Many hospitals charge double or triple what Medicare would pay Reed Abelson New York Times May 9, 2019

California to ban controversial pesticide, citing effects on child brain development Reed Anderson and Juliet Eilpern Washington Post May 8, 2019

Why both major political parties have failed to curb dangerous pesticides Elena Conis Washington Post April 9, 2019

How regulators, Republicans and big banks fought for a big increase in lucrative but risky corporate loans Damian Paletta Washington Post April 9, 2019

Pork industry soon will have more power over meat inspections Kimberly Kindy Washington Post April 3, 2019
“Under the proposed new inspection system, the responsibility for identifying diseased and contaminated pork would be shared with plant employees, whose training would be at the discretion of plant owners. There would be no limits on slaughter-line speeds.”

The New York attorney general alleges that as investigations focused on Perdue Pharma, the family that owned the company began shifting hundreds of million of dollars from the business to themselves, using offshore entities.
New York sues Sackler family members and drug distributors Roni Caryn Rabin New York Times March 28, 2019

One company bought all the retail outlets for glasses, used that to force sales of all the eyewear companies and jacked up prices by as much as 1000% Corey Docterow BoingBoing March 12, 2019

Wall Street’s latest love affair with repackaged debt. Investors in collateralized loan obligations are ignoring the signs of danger. William D. Cohan New York Times March 18, 2019 (opinion)

Condemned to repeat the history of bank failures? The 2008 crisis showed what happens when financial regulation is weakened while the economy is strong. The Trump administration is doing it again. Editorial Board New York Times March 20, 2019 (opinion)

Image: The rise in collateralized debt obligations since 2004. Credit Bloomberg / InvestmentNews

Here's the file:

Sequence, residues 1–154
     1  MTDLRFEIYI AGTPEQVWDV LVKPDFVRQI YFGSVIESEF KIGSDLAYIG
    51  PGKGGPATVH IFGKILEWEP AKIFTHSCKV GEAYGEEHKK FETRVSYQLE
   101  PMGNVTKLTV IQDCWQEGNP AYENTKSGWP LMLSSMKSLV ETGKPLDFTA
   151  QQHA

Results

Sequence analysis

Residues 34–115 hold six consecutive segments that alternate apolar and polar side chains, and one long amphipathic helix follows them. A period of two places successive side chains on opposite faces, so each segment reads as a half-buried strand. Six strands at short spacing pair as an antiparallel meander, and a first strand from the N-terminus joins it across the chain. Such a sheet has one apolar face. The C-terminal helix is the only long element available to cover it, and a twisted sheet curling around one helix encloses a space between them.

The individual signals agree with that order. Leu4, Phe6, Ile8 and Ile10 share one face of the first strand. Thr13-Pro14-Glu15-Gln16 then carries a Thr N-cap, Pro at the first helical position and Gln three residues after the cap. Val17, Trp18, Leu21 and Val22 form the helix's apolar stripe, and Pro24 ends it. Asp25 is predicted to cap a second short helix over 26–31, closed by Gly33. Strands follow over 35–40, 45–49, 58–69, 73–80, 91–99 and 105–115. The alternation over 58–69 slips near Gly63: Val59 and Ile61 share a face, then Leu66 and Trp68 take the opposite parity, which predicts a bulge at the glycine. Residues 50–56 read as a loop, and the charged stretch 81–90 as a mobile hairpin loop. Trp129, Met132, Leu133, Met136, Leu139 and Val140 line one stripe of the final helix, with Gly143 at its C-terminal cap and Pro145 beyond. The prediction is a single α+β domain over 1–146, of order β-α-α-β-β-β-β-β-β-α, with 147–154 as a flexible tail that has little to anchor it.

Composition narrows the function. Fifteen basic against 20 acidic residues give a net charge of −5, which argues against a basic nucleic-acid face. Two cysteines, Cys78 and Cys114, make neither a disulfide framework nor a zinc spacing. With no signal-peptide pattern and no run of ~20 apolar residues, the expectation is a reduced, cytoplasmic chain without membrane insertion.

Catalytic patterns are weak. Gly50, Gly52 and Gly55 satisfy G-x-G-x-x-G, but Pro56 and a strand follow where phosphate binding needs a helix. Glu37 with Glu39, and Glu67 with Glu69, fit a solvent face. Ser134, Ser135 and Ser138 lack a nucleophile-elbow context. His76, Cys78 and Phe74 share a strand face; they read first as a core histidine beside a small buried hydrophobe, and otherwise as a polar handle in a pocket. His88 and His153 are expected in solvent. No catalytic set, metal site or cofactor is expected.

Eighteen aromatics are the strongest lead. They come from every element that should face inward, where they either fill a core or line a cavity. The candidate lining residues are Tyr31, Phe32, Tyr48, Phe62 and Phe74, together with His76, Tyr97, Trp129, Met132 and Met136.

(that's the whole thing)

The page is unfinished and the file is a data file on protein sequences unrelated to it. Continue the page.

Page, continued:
Other countries

One major way in which companies benefit is by locating production in countries where people’s incomes have been most limited by exploitation. This article considers the shift in textile production to Ethiopia. “Entry level garment workers in Ethiopia typically receive a base salary worth only $26 a month–the lowest by far in the worldwide clothing supply chain.”
A new industry is creating jobs in Ethiopia. But at what cost? Paul Barrett Washington Post May 10, 2019

“The current state of the migrant labor market [is] riddled with blatant violations of all the norms of an ideal workplace.”
Are migrant workers humans or commodities? Thalif Deen Inter Press Service May 1, 2019

Hidden in plain sight — private cartels in Africa Thando Vilakazi Review of African Political Economy Blog March 26, 2019

Cover of One Person No Vote C

One Person No Vote by Carol Anderson

How voter suppression threatens our economy (review of One Person No Vote) Timothy Smith Washington Post September 20, 2018

Our democracy is being stolen. It happens through election fraud and voter suppression. And Republicans are the culprits. Carol Anderson New York Times March 14, 2019

Image: Cover of One Person No Vote. Credit: Bloomsbury